Since December 2005, Pixar has held exhibitions celebrating the art and artists of Pixar, over their first twenty years in animation.
Pixar: 20 Years of Animation
Pixar held one such exhibition, from April to June 2010, at Science Centre Singapore, in Jurong East, Singapore. It was their first time holding an exhibition in Singapore.
The exhibition highlights consist of work-in-progress sketches from various Pixar productions, clay sculptures of their characters, and an autostereoscopic short showcasing a 3D version of the exhibition pieces which is projected through 4 projectors. Another highlight is the Zoetrope, where visitors of the exhibition are shown figurines of Toy Story characters “animated” in real-life through the zoetrope.
Pixar: 25 Years of Animation
Pixar celebrated 25 years of animation in 2011 with the release of its twelfth feature film, Cars 2. Pixar had celebrated its 20th anniversary with the first Cars. The Pixar: 25 Years of Animation exhibition was held at the Oakland Museum of California from July 2010 until January 2011. The exhibition tour debuts in Hong Kong and was held at the Hong Kong Heritage Museum in Sha Tin, between March 27 and July 11, 2011.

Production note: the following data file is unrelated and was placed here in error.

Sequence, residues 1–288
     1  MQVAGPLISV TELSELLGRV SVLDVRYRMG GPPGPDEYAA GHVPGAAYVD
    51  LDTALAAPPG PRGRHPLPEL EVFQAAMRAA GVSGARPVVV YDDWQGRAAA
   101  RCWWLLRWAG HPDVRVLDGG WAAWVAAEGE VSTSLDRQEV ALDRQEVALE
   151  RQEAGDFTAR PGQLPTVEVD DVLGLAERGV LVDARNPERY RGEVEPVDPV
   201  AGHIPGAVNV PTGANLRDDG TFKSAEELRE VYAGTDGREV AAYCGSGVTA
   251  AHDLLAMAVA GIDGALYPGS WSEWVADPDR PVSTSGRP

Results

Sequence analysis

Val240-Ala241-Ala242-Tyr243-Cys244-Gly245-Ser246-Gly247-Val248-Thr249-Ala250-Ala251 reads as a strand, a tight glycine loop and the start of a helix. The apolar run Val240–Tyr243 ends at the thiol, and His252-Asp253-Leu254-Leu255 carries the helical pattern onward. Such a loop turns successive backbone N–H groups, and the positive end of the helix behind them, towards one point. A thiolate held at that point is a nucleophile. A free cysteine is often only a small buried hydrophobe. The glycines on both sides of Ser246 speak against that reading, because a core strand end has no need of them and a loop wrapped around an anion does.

The Science Behind Pixar is a traveling exhibition, developed by the Museum of Science in Boston, Massachusetts in collaboration with Pixar, that teaches about the production pipeline at Pixar in the form of the filmmaking process. The exhibition’s tour started at the Museum of Science in mid-2015 and is expected to last ten years with limited tour availability beginning in 2021.
Pixar: 30 Years of Animation
It is currently unknown what a 30-year anniversary celebration of Pixar’s films and achievements would entail.